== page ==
The movie is ... "autonomous ..." -- that is, the movie unfolds of its own accord and does not reflect the wishes of the ego.

{Although the dream-events be generated without reflecting the wishes of the mortal dreamer witnessing them, yet never-the-less those events most certainly do reflect the wishes of dream-arranging deities (Morpheus, etc.).}

Jung's archetypal dreaming is precisely this kind of selfscape dreaming in which the various archetypes ... cross-talk ... . ...

{FALSE and FAKED! In his secret Red Book, Carl Gustav Jung did describe, in detail, how certain dream-deities explained to him that they were the entities arranging the dream to entail whatever it entailed. But in his overt writings, controlled by a realistic dread of governments which do commit to "insane asyla" persons declaring themselves to be in communication with deities, he craftily concealed these very facts under the vague cover-up term \archetypes\.}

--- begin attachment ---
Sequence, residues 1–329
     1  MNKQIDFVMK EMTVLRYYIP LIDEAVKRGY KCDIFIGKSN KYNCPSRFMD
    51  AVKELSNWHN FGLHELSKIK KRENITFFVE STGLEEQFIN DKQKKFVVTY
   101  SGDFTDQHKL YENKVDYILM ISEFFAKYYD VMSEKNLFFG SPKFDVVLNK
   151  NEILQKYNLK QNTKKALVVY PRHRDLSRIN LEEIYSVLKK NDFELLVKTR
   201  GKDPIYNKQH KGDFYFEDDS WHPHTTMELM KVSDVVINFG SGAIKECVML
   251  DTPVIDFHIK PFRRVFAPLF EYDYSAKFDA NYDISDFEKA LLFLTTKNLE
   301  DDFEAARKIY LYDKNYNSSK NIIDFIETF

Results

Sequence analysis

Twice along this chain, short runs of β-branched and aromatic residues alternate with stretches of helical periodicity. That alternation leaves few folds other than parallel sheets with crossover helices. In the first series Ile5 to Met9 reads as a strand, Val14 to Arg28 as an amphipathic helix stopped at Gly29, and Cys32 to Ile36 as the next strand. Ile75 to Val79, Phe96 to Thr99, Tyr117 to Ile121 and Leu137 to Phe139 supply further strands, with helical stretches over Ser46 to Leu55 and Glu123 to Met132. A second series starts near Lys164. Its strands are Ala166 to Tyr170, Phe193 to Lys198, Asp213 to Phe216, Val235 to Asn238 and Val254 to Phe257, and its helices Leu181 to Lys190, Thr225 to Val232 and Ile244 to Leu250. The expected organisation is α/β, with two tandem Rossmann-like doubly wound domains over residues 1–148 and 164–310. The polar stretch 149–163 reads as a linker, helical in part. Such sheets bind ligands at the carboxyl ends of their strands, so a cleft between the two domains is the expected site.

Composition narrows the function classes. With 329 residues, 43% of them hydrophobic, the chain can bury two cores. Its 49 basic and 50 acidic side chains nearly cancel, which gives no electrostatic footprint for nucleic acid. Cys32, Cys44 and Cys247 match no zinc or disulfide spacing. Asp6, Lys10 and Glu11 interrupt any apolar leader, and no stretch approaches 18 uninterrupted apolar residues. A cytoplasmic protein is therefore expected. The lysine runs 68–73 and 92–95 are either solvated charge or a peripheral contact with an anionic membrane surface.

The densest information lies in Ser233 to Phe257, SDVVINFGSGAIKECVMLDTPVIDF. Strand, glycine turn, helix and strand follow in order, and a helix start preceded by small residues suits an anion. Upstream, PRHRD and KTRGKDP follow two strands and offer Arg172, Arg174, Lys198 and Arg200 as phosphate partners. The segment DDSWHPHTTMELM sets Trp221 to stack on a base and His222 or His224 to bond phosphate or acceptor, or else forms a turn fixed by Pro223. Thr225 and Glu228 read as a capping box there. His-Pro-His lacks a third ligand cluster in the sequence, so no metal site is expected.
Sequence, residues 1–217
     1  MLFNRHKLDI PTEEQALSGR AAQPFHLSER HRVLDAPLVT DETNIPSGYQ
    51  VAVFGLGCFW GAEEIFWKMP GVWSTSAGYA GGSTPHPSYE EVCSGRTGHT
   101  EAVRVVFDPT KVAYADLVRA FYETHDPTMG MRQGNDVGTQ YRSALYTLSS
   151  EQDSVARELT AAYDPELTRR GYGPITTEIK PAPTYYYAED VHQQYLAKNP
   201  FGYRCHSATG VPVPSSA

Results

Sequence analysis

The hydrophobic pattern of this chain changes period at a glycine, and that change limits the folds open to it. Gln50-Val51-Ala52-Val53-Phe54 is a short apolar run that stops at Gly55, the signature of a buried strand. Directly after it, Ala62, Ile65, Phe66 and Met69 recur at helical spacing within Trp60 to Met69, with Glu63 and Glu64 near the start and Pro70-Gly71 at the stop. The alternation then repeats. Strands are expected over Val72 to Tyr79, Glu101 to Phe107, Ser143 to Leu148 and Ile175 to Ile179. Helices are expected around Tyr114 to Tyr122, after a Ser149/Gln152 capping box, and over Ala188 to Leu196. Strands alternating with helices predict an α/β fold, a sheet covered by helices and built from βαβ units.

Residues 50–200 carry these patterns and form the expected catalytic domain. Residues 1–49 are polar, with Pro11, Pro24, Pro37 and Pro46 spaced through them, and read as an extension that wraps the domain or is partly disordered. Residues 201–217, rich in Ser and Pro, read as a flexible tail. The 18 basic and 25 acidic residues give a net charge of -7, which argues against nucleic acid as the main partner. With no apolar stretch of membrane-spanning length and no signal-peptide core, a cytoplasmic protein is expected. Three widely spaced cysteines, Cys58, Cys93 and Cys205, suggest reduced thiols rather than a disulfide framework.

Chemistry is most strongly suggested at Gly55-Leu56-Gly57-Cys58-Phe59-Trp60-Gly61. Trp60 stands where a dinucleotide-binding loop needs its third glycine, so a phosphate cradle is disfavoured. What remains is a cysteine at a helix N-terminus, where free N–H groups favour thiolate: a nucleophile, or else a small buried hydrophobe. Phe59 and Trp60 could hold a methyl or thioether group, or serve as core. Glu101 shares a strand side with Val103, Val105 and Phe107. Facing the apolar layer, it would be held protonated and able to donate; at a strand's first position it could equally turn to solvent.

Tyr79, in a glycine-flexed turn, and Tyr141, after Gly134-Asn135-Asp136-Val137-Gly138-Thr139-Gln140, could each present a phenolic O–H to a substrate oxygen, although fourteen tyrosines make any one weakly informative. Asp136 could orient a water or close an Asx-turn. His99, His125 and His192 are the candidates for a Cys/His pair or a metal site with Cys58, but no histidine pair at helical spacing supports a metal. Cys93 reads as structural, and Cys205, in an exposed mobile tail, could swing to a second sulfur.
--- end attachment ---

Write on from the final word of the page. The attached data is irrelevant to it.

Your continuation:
p. 348

During selfscape dreams, the ... sensorium becomes in effect a "theater of mind" in which is played out ... portrayal of ... activities."

Wax 2004 = Murray L. Wax : "Dream Sharing as Social Practice". In :- Charles Stewart (ed.) : Anthropological Approaches to Dreaming. pp. 83-93.

p. 349 praedictive dreaming

"Hollan illusttrates selfscape dreams from his own research among the Toraja of Indonesia {specificly, Sulawesi/Celebes} and that of Wolfgang Kempf and Elfriede Hermann (2003) among the Ngaing of Papua New Guinea. ... "... the Toraja are one of those groups of people who believe that certain types of dreams can forethell the future. In fact, prophetic dreams ... are marked with a special term, tindo" (Hollan 2004:175). ... This dream is from an elder ... who was close to death when he recalled a dream he had years before [Hollan 2003b:68] :